Tuesday, 14 September 2021


In PK, we've been watching the first two series of Numberblocks. These present the numbers zero to ten as different characters who, by the normal rules of arithmetic portrayed dramatically, have the power to transform into one another.

If you're not familiar with Numberblocks, you could watch the first two minutes of this video. (You don't get full episodes on Youtube, you get composites of a number of episodes. We've watched Series 1 and 2 on DVD and on Netflix.)

What do I like so much about it?

Our young three to five-year old children like it so much, want to watch episodes again and again, go home and watch further episodes.

Numbers are represented as arrangement of cubes. All sorts of things become clear like this. Number as area. Addition as combining, subtraction as splitting. Odd and even-ness à la Numicon. Square numbers. Arrays of numbers. All sorts of interesting avenues for investigation are opened up. For instance in the clip above, the numbers are represented as different polyominoes, different arrangements of squares. What tetrominoes are possible? I'm a fan of figurate numbers, of area-as-number (have I talked to you about Cuisenaire?) because I find it gives children a powerful way into number and arithmetic.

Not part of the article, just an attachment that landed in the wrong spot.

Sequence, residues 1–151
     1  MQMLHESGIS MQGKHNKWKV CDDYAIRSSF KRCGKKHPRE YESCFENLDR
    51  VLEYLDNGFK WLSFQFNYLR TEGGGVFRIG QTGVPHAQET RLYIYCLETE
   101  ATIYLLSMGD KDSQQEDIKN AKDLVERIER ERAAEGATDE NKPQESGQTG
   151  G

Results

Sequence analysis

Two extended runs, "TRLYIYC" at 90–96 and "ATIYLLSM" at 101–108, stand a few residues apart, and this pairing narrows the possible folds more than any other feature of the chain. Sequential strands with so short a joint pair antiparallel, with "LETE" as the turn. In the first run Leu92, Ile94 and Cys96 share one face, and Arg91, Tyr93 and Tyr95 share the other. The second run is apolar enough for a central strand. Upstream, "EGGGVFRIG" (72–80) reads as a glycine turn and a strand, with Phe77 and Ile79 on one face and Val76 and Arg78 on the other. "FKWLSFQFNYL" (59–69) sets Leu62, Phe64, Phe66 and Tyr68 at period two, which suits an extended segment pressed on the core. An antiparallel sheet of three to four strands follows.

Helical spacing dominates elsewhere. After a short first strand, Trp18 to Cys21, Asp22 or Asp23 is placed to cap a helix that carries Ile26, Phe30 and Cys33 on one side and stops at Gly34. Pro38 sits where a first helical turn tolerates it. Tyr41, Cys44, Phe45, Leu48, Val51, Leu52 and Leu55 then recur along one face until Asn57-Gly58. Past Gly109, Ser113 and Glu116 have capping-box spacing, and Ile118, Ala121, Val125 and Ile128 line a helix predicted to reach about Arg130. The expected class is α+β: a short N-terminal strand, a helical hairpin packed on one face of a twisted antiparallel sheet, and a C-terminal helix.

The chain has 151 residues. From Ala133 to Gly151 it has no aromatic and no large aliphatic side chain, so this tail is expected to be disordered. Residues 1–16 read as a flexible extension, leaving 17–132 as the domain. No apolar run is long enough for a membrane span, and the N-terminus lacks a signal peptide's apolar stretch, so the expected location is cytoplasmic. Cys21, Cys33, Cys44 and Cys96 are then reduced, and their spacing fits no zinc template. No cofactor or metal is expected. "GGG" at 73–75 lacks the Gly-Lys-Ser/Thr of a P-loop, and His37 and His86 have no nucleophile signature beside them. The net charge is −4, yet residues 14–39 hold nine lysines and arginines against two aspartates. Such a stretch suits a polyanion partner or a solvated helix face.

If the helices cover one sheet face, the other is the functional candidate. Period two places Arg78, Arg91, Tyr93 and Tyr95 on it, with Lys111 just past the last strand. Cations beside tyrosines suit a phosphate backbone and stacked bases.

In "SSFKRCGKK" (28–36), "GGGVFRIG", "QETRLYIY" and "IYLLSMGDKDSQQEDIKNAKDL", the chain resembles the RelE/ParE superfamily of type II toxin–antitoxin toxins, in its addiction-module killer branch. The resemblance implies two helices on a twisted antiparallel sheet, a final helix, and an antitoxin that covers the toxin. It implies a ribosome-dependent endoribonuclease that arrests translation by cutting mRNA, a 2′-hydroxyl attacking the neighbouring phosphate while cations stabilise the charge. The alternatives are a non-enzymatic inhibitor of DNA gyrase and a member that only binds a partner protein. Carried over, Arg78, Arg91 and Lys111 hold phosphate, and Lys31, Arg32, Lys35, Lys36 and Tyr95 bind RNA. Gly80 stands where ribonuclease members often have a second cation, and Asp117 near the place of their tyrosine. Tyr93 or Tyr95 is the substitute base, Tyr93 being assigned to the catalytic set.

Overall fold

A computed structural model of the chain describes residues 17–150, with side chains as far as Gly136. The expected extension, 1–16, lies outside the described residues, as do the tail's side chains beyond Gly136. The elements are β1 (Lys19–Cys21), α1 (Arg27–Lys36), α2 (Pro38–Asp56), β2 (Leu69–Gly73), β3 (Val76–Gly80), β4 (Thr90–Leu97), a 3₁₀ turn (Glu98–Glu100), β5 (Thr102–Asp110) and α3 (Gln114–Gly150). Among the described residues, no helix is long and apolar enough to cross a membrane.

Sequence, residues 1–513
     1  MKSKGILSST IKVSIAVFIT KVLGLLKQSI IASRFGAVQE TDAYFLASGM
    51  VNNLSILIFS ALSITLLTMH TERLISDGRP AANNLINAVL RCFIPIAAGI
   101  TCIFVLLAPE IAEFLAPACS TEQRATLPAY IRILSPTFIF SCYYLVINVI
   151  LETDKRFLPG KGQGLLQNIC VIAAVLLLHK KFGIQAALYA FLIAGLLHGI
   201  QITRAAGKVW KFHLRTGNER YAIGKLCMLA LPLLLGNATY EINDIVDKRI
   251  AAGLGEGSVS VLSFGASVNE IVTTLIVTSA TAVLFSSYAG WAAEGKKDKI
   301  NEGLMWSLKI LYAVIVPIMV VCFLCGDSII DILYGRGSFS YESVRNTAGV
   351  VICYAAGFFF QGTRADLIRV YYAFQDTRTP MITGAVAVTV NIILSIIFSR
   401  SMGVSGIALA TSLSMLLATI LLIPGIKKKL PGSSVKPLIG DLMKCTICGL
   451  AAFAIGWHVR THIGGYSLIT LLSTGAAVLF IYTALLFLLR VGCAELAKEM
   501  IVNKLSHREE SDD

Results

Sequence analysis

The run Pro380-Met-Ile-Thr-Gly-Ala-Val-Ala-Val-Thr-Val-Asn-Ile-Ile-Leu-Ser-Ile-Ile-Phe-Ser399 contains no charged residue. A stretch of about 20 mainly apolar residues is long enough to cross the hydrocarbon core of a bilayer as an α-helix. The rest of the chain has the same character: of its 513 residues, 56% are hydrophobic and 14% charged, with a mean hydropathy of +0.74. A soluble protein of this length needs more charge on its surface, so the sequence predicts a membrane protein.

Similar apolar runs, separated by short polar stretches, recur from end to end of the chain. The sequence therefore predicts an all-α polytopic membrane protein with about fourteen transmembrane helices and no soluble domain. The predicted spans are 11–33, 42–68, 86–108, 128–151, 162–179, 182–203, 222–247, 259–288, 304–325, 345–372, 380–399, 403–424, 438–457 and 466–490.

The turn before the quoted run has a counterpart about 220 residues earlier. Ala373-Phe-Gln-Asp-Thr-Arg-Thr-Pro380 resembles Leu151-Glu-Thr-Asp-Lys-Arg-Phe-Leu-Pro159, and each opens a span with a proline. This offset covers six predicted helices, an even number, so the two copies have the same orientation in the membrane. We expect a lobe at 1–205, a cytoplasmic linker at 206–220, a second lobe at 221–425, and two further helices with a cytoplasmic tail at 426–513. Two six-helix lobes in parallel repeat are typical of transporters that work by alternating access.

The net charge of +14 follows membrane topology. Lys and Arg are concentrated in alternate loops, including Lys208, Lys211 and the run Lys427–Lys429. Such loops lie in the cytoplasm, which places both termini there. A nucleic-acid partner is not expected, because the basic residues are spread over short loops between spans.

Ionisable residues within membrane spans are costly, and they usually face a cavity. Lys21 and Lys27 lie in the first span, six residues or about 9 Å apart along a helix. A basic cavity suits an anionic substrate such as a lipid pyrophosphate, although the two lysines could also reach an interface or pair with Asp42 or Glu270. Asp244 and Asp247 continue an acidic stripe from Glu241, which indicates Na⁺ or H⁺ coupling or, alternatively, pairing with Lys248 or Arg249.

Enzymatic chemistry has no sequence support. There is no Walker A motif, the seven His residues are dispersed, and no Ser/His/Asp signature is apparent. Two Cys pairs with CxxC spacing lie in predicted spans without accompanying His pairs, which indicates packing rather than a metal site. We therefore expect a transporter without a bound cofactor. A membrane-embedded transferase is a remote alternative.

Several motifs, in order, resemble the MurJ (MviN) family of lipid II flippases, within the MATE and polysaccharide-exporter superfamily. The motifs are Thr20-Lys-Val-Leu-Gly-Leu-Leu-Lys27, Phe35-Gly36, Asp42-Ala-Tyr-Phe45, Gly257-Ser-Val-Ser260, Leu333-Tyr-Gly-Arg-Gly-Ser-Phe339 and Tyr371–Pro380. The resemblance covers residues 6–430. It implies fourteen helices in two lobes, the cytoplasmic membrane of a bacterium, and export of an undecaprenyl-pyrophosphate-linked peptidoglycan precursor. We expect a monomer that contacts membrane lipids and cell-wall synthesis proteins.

Numbers as character and narrative. We all love a story, and the Numberblocks stories are well thought out and entertaining. They also work because of the mathematics. Again, in the Strampolines episode, the story is about what different arrangements are possible. 'One' is sad because she can only make one arrangement, but is cheered up when she learns that copies of herself make up every arrangement (polyomino factorisation anyone?). 

The animation and the music. Yes, we sing along to the songs!

The equations that emerge as numbers transform are represented flexibly. So we don't just see 4+1=5, we see 5=4+1, and also 5-1=4. Children get a sense of what equality means, and they also begin to see how equations relate to arithmetic before having to write them themselves. Often they want to write equations, and it's something we've built on to give the power that writing ones own ideas brings.

Students enjoy recreating and exploring what they watch. Here, for instance, a four-year old student observed that 25 is a square.
I pointed out that there seems to be one missing, and he had a good think about that:
One piece of evidence about how well it's worked for the students, is doing 'Number of the Day' with them on the first day of their next year in Kindergarten. I've been able to pop in and work with them on this. In the past, students have been a bit blank when we've asked them what they know about 1, or have commented on what its shape makes them think of, but this year there were equations.
By day eight, with a bit of help from Cuisenaire rods, the equations were really flowing.
And here are the day 9, here are lots of the ideas the Kindergarten students shared:
So, a big thank you to the Numberblocks team, and also to Debbie Morgan who has been their chief mathematical advisor.